"I mean physically grappling and trying to get through and get out and get away," she said. "I wasn't raped, but that was only because I got out."

The next day, she hopped onto another boat to get away.

If Hulu had announced an original dramatic miniseries that follows a World War II soldier awakening to the horrors of war, executive produced and partly directed (two episodes out of six) by George Clooney, and if the result had been Catch-22, it would have seemed largely successful. But the series, available in full now, is, of course, an adaptation of Joseph Heller's much-chewed-over 1961 novel, a book very unusual in both its tone and its structure. And as an adaptation, it struggles to meet the inevitable expectations.

Sen. Cory Booker is "a big fan" of researcher and speaker Brené Brown. The Democratic presidential candidate embraces Brown's mantra that vulnerability is a strength — and his openness shows on the campaign trail.

Booker regularly tells the story of one of the most painful moments of his life, which happened when he first became the mayor of Newark, N.J.

"A Low-Fat Diet Helps Reduce The Risk of Death From Breast Cancer." Did a headline like this catch your eye this week?

Dozens of news organizations, including NPR, reported on a new study that found that a low-fat diet helped women reduce their risk of dying from breast cancer.

A couple of federal agencies you probably haven't heard of keep track of what farmers grow, what Americans eat and how the country's entire food system operates. And the Trump administration wants them out of Washington, D.C.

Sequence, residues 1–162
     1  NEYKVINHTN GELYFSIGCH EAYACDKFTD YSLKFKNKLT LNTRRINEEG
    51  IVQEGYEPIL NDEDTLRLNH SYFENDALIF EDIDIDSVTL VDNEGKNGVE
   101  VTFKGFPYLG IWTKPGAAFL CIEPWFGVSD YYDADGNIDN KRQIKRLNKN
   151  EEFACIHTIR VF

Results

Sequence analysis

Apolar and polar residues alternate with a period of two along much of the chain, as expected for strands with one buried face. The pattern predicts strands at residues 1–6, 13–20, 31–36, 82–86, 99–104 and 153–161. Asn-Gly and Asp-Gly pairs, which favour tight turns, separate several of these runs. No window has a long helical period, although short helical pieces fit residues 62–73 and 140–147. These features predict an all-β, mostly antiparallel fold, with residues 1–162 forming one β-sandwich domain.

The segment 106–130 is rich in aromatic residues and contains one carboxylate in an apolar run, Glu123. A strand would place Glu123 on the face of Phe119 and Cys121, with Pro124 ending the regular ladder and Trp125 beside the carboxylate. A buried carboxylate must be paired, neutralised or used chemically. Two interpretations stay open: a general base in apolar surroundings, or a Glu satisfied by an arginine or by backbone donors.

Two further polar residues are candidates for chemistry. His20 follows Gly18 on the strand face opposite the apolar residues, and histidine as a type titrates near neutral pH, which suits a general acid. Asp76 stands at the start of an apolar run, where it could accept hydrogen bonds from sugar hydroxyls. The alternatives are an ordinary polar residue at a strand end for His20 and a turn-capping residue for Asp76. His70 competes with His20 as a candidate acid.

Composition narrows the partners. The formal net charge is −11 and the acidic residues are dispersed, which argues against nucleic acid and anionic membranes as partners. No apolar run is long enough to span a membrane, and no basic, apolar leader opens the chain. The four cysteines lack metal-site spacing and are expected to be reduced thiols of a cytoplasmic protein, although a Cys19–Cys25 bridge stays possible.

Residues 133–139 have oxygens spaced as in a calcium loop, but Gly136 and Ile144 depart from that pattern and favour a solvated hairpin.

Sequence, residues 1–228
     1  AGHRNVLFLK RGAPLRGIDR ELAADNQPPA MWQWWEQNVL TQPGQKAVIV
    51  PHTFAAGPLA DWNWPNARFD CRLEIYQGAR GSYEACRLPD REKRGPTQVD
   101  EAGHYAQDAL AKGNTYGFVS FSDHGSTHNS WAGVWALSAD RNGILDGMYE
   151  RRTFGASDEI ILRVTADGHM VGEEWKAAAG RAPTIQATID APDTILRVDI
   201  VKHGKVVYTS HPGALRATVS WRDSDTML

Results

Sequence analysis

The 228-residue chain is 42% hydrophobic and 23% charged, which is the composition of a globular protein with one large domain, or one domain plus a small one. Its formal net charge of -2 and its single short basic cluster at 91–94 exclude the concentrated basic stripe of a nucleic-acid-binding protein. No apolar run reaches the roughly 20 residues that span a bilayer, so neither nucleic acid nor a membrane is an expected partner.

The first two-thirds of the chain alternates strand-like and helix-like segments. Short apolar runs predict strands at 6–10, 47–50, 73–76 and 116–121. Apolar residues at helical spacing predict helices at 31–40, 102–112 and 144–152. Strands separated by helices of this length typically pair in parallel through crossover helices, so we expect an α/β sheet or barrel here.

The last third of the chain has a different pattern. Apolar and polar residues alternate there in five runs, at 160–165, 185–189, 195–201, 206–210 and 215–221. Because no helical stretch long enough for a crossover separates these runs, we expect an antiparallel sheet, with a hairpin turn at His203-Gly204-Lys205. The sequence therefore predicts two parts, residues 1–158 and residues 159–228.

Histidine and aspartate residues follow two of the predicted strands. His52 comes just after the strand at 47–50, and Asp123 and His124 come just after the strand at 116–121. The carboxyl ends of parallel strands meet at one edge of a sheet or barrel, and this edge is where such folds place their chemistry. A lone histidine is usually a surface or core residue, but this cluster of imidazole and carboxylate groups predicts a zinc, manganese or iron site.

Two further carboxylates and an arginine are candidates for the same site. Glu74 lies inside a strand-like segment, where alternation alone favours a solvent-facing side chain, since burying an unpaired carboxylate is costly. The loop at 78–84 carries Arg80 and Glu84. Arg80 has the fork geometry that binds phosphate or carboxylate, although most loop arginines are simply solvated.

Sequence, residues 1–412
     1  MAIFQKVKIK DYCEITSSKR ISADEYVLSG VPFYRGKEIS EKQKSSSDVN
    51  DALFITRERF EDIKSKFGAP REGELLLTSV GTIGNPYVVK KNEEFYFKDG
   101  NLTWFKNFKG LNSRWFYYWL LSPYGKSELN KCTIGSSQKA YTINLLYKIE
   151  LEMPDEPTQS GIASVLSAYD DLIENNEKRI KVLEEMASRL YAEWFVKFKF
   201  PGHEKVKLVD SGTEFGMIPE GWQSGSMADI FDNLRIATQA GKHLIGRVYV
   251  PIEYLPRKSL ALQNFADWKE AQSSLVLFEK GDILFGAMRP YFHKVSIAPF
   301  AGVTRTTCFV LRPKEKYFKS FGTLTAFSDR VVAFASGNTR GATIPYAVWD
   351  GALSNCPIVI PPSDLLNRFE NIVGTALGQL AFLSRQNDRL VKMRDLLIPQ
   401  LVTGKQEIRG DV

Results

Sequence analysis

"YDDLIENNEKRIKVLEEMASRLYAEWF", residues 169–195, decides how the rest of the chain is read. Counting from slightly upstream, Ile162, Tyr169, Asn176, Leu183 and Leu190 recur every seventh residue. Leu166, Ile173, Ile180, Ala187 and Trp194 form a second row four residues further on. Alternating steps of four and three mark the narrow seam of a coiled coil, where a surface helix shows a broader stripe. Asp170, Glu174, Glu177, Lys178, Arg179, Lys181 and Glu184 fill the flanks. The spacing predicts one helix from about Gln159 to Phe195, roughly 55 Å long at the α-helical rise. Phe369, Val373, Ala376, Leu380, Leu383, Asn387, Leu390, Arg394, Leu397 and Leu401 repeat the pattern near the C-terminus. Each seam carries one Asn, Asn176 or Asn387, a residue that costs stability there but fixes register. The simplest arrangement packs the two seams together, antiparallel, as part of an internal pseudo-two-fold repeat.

Last summer, Agriculture Secretary Sonny Perdue announced the Economic Research Service (ERS) and the National Institute of Food and Agriculture (NIFA) would relocate somewhere that's closer to farmers and public universities doing agricultural research. But critics, including many scientists, balked, saying the agencies won't be as effective.

On May 15, government forces bombed the Tarmala Maternity and Children's Hospital in South Idlib, Syria.

"The air strikes completely destroyed the facility, which had served about 6,000 people a month," says Dr. Khaula Sawah, vice president of the Union of Medical Care and Relief Organizations-USA.

The information on the incident comes from doctors on the ground in Syria.

According to the union, it was the 19th health-care facility bombed in Syria since April 28.

For nearly two decades, a doctor at The Ohio State University sexually abused at least 177 male students, according to an exhaustive independent investigation commissioned by the university. Most of the doctor's abuse happened under the auspices of providing the students with medical treatment.

The number of people dying by suicide in the U.S. has been rising, and a new study shows that the suicide rate among girls ages 10 to 14 has been increasing faster than it has for boys of the same age.

Boys are still more likely to take their own lives. But the study published Friday in JAMA Network Open finds that girls are steadily narrowing that gap.

Updated at 3 p.m. ET

The Trump administration has reached a deal to lift tariffs on steel and aluminum imports from Canada and Mexico, in a move that could put the three nations a step closer to ratifying the USMCA trade deal that would replace NAFTA.

The tariffs will be lifted within two days, according to a joint U.S.-Canada statement posted by Canada's foreign ministry.

The Unanswered Questions About Anthrax

May 17, 2019

Nowadays, many people associate anthrax with bioterrorism.

Indeed, the anthrax bacteria is "one of the biological agents most likely to be used" in terrorism, according to the Centers for Disease Control and Prevention, because microscopic anthrax spores can be produced in a lab and be put into powders, sprays, food and water.